Monday, February 11, 2008

Storytelling and Childhood Memories

Title link to ABC radio: science show interview with Professor Hayne

Recent article from Brisbane's 'Courier Mail' - February 2008: Tales stir earliest memories

Maori adults tend to have the earliest childhood memories of any culture studied to date, researchers say. And the rich storytelling tradition of Maori could explain why.

Otago University psychology researchers say that discussing past events in detail during early childhood is linked to children more effectively storing their early memories.

The University's Associate Professor Elaine Reese, colleague Professor Harlene Hayne and Queensland University of Technology researcher Shelley MacDonald have just published in the US journal, Child Development, the first evidence that Maori children experience a richer narrative environment than New Zealand's caucasian children.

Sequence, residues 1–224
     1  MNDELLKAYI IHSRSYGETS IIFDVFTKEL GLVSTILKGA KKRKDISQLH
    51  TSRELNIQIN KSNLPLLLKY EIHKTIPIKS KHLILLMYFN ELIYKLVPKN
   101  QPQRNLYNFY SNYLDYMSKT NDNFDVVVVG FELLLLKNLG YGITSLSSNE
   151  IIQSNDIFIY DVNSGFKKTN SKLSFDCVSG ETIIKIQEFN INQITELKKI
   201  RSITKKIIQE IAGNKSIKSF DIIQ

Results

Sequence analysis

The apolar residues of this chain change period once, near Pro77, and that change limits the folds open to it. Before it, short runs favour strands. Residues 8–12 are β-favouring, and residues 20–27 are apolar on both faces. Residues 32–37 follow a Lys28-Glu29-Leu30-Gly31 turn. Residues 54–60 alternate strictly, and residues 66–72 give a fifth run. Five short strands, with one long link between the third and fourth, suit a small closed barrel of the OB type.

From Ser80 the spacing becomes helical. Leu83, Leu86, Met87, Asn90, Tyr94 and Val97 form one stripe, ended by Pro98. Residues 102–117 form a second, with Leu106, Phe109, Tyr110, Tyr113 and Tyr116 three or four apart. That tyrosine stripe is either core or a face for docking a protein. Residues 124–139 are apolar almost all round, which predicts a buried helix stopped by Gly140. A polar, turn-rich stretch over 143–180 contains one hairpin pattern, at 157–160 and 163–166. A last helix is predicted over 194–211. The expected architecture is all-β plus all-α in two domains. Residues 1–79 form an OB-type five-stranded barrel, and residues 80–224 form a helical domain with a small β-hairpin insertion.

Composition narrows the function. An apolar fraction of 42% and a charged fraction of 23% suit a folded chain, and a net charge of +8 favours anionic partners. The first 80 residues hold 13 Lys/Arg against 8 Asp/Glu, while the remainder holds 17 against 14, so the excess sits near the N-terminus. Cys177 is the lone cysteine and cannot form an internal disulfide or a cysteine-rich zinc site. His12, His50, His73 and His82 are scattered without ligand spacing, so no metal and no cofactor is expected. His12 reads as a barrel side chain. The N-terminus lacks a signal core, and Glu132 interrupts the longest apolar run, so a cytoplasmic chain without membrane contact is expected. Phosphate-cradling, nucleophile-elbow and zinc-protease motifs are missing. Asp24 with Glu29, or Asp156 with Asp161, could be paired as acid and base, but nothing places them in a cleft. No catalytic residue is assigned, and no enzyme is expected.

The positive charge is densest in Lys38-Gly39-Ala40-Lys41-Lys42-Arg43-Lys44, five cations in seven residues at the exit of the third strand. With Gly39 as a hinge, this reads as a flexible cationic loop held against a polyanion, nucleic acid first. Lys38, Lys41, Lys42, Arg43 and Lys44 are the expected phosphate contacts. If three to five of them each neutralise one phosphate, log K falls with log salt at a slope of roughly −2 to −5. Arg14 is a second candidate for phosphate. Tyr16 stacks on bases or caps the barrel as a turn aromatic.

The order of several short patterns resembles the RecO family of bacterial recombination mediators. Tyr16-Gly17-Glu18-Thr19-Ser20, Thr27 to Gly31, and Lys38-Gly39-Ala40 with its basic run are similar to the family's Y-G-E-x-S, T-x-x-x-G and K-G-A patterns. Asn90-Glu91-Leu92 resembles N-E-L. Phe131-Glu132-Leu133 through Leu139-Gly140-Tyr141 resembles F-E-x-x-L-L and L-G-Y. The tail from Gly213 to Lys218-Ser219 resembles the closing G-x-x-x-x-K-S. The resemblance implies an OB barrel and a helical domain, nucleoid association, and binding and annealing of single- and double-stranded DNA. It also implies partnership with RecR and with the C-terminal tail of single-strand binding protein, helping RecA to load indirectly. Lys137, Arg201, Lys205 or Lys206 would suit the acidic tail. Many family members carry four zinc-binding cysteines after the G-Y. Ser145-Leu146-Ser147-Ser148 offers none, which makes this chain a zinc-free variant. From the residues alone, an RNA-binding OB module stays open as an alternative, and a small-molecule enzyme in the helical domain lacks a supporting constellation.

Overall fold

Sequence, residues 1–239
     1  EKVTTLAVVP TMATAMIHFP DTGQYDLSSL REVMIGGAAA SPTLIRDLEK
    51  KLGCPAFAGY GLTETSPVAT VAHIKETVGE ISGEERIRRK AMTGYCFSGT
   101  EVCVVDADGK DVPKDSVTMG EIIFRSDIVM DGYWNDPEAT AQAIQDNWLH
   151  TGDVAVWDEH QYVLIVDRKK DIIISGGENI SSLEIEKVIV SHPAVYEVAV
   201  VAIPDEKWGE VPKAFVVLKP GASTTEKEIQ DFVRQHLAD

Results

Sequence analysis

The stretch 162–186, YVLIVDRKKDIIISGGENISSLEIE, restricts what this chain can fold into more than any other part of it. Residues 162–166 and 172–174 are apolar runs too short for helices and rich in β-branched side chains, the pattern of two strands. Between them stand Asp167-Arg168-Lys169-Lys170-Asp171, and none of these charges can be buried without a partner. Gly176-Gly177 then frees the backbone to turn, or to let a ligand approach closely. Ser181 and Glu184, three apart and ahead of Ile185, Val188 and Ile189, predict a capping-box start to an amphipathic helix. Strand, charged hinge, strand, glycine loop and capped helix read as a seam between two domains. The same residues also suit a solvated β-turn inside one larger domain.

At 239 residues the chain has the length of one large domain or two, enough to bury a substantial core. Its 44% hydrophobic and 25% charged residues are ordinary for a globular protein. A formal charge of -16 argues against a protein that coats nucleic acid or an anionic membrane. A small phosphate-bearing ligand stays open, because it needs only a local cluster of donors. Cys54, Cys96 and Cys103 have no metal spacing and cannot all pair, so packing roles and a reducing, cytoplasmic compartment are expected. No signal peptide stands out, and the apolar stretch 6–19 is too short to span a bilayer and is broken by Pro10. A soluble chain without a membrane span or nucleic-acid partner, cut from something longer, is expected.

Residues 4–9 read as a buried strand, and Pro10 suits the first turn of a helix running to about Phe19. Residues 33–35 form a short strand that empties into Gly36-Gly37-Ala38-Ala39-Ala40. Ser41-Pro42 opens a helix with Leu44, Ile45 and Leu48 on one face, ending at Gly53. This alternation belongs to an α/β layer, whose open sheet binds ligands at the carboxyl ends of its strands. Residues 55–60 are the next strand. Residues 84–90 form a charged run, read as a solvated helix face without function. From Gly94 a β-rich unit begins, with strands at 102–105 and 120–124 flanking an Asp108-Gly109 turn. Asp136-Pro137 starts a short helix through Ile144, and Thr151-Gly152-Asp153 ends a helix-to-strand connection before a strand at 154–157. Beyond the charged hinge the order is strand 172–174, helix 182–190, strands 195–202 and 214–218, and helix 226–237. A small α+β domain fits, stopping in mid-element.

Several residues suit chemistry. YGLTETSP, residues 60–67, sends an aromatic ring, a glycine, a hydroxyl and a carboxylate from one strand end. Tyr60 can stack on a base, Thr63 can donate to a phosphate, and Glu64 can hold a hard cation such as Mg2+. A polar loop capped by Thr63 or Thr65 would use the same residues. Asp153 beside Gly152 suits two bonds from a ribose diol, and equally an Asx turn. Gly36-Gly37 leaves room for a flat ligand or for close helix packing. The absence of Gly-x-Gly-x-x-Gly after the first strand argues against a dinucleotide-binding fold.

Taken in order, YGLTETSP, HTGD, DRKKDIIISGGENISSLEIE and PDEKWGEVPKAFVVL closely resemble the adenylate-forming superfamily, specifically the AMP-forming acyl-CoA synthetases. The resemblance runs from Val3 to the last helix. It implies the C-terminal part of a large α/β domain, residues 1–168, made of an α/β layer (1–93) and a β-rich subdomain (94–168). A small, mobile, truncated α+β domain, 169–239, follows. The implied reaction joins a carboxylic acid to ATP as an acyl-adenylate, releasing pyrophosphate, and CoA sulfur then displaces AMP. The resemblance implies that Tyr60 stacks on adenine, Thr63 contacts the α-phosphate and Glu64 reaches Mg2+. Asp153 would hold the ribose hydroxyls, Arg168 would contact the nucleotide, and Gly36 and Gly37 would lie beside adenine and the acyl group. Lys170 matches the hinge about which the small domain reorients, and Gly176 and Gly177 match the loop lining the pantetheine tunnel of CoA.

Previous Otago research from 2000 found, on average, young Maori adults' earliest memories reached back to two years of age, while those of New Zealand caucasians went back to three years.

Maori mothers provided more references to time and emotions in their birth stories than European mothers, Professor Hayne said.